2

I'm feeding a LaTeX template with content through an external script, and the last formatting step that's resisting me is this one: a macro \equispace[6]{a,b,c}{d,e,f}{g,h}{i,j,k,l}{m,n,o}{p,q,r,s,t} that would turn the arguments into an array of this kind,

enter image description here

where the array extends to the full linewidth, the groups of items are equi-spaced and centred about their own group. I tried something with tabularx and also with minipage, but this is proving trickier than my limited TeX skills allow. Note that I know in advance how many items are in each group, so I could use a hard-coded template if there is a good way to parse the contents.

6
  • 1
    always 6 groups or variable what layout is \equispace[7]... supposed to do? (and as it is an optional argument what default value? Mar 7, 2018 at 20:58
  • And should it always be 3 columns?
    – Skillmon
    Mar 7, 2018 at 21:05
  • sorry I realise the [6] is pretty meaningless here, in my head it was reminiscent of the \newcommand syntax.
    – user156626
    Mar 7, 2018 at 21:08
  • the number of columns (and items) is fixed indeed
    – user156626
    Mar 7, 2018 at 21:08
  • And I just started to develop something that works for an arbitrary number of items :(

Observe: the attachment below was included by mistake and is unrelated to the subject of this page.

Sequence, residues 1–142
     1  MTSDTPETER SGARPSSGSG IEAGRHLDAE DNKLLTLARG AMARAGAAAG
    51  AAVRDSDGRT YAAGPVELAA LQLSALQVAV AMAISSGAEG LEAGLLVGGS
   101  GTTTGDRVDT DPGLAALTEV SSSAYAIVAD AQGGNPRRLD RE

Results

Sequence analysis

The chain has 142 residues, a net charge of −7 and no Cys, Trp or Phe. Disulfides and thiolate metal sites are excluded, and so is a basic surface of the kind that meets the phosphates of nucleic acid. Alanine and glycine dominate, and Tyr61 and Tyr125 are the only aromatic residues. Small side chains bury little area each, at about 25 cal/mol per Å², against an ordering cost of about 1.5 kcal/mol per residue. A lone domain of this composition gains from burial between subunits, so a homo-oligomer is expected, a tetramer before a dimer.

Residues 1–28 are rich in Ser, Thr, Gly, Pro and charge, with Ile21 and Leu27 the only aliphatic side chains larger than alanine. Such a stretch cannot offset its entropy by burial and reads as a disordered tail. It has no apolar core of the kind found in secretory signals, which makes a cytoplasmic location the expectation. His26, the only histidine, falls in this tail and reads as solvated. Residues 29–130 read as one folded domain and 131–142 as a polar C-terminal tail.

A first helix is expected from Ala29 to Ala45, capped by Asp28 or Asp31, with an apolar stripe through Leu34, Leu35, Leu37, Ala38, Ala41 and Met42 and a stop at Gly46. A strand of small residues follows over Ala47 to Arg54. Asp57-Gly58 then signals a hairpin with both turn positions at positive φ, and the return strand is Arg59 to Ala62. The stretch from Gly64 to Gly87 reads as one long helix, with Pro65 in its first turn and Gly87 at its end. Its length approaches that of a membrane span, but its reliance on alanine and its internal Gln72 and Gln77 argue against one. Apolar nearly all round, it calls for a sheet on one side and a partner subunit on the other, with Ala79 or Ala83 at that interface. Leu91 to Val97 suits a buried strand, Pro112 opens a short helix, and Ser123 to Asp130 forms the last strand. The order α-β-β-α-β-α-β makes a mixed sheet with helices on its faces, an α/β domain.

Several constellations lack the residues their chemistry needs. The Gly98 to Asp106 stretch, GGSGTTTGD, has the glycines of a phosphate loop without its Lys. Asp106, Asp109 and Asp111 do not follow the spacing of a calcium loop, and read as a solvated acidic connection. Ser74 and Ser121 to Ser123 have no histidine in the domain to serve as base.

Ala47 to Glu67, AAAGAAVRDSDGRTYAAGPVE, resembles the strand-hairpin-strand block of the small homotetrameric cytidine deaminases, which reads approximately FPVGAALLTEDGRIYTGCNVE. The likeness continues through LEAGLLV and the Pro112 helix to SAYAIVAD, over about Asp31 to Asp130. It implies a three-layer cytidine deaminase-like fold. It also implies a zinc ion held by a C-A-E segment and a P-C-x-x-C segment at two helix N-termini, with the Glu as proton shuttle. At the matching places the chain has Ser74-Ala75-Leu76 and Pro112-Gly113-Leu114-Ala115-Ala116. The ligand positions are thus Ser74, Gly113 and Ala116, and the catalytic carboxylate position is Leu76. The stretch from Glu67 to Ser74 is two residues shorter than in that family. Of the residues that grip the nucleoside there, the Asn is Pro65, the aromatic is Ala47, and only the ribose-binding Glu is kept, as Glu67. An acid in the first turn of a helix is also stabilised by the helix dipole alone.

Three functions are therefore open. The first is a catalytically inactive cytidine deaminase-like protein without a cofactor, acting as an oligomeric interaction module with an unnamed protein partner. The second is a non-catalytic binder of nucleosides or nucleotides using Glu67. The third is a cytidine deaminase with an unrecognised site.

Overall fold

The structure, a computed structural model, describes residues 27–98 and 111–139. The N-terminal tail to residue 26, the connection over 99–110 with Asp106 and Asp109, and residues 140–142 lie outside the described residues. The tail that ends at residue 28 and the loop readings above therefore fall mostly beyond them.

– Skillmon
    Mar 7, 2018 at 21:09

3 Answers 3

1

Ignoring the [6] argument (see comment under the question) then

enter image description here

\documentclass{article}

\newcommand\equispace[6]{%
\begin{center}%
\begin{tabular}{@{}c@{}}\zz{#1}\\\zz{#4}\end{tabular}\hfill
\begin{tabular}{@{}c@{}}\zz{#2}\\\zz{#5}\end{tabular}\hfill
\begin{tabular}{@{}c@{}}\zz{#3}\\\zz{#6}\end{tabular}%
\end{center}%
}

\makeatletter
\def\zz#1{\@for\z:=#1\do{\z\,}}
\makeatother

\begin{document}

\equispace{a,b,c}{d,e,f}{g,h}{i,j,k,l}{m,n,o}{p,q,r,s,t}

\end{document}
4
  • oh actually I permuted the groups from the order that you asked for, but just move #1 ... #6 in the definition to change the order. Mar 7, 2018 at 21:04
  • If it's a fixed number, why not use one tabular* instead?
    – Skillmon
    Mar 7, 2018 at 21:10
  • very neat, thank you very much! I pictured a strategy along those lines, but the exact syntax would have have eluded me for weeks.
    – user156626
    Mar 7, 2018 at 21:10
  • @Skillmon i was "hedging my bets` if the answer to my question under the original question had been that an argument to support arbitrary number of groups would be needed, then it's easier to extend this than to generate a single table body and fight over & appearing in the right places. Mar 7, 2018 at 21:16
1

If you run an external script, it could output something like the following:

\begin{tabular*}{\textwidth}{@{}c@{\extracolsep{\fill}}c@{\extracolsep{\fill}}c@{}}
  a b c &   g h   & m n o\\
  d e f & i j k l & p q r s t